fields in a signing certificate. For more than two years, our TSA did in fact set a wrong value into
the tsa field.
The validity period of our TSA's certificate is longer than the validity period of the CA. One client implemenation does not like that.
One officially registered and qualified TSA uses the Issuer of its certificate instead of the Subject as value for "TSA'. The TSA's certificate is without EntendedKeyUsage for time stamping.
One recent TSA accepts any Content-Type.
Nobody has tried to send a very long value for a Nonce so far. The length is restricted in our implementation.
Some users succeeded to talk to other servers, but not with us. In almost all cases, the error was an incorrect laxiste implementation of the other server.
Frequent errors are related to the provision of the hash value. Some clients just send a hash value, e.g. 20 octets of a hash, or the datainstead of the hash, or a hash value with an invalid length for the hash function.
It seems that actually most decoders in clients and servers
are "BER" decoders, or at least subset of it, this does not really create harm but it is not what the document says.
Some decoders or coders correct errors in invalidly encoded integers, OpenSSL for example. There are two types: Some silently remove ONE leading 00 or FF, others remove several of them. The implementation should report an error.
One implementation encoded the position of one error bit as an integer instead of a bitstring.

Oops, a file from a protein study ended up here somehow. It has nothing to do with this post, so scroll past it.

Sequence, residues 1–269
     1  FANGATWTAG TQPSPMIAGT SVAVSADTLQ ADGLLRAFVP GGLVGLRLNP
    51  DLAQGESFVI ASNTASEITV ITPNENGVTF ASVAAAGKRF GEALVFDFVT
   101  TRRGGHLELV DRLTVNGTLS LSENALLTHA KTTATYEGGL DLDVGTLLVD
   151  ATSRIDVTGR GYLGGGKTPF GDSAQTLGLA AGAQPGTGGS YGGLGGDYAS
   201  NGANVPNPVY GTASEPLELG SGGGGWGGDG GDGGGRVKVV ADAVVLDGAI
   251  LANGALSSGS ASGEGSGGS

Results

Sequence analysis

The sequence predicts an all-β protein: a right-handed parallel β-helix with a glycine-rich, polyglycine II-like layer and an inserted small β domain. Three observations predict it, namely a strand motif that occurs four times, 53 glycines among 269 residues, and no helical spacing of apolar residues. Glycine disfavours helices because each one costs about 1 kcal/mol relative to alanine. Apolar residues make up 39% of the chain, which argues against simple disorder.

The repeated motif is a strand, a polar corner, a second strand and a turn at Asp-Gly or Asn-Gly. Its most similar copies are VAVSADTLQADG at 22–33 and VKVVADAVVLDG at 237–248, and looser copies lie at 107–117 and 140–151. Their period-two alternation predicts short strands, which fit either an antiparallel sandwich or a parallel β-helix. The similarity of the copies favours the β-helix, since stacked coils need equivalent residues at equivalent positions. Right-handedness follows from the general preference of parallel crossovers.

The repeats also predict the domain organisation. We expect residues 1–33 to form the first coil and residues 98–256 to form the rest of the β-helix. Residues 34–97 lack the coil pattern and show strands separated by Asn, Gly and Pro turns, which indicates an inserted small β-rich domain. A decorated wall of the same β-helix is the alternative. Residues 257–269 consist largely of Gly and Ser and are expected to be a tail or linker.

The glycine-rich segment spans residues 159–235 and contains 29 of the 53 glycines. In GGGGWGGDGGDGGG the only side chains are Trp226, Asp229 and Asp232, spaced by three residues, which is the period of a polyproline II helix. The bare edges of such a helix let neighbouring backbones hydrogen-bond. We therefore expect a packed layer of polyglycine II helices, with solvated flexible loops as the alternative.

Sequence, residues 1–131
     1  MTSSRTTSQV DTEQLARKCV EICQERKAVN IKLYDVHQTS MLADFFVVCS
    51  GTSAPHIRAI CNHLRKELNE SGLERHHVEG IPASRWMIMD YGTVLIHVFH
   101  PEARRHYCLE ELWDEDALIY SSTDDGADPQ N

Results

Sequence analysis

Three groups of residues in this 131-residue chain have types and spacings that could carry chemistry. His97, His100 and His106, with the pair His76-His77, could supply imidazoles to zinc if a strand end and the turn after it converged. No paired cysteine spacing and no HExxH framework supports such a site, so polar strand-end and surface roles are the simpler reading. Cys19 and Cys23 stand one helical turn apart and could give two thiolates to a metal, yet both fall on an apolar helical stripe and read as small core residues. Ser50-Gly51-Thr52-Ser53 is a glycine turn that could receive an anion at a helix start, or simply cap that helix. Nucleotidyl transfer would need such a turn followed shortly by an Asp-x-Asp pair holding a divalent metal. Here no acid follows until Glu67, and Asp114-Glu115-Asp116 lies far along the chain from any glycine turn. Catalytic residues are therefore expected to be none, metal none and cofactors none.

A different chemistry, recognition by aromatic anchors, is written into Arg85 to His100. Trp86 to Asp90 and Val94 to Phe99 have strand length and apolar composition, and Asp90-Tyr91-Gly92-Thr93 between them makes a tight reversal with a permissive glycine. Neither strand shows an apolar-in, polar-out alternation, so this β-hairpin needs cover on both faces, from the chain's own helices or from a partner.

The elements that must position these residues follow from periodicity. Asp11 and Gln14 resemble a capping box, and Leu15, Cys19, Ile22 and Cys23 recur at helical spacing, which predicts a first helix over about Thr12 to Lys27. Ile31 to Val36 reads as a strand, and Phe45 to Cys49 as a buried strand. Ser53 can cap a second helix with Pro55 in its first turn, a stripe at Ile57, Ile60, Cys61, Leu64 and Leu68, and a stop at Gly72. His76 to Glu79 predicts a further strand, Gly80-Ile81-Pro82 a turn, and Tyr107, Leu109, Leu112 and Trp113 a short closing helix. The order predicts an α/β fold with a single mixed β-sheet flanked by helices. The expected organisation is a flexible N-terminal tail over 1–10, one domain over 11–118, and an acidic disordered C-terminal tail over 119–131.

One implementation seems to accepts badly encoded requests.
One implementation (mine) did not accept a NULL parameter for the digest algorithm.
The example request given above may be considered incorrect, since depending on your current interpretation of X.500, you either MUST or MAY encode a NULL parameter.
The encoding of tsa  GeneralName was completely wrong in my implementation. It took some time until it was noticed.
The policy field syntax was changed in draft 9 of RFC 3161 from "PolicyInformation" to OBJECT IDENTIFIER. This
hit some implementations.
If the request does not contain a policy, one implementation returned an OID of length 0 as OID.
One implementation rejects the request if no policy was requested.
Some implementations do encode PKIFailureInfo bitstring in strange ways, like a value of unacceptedPolicy(15) encoded as 03 02 00 0f.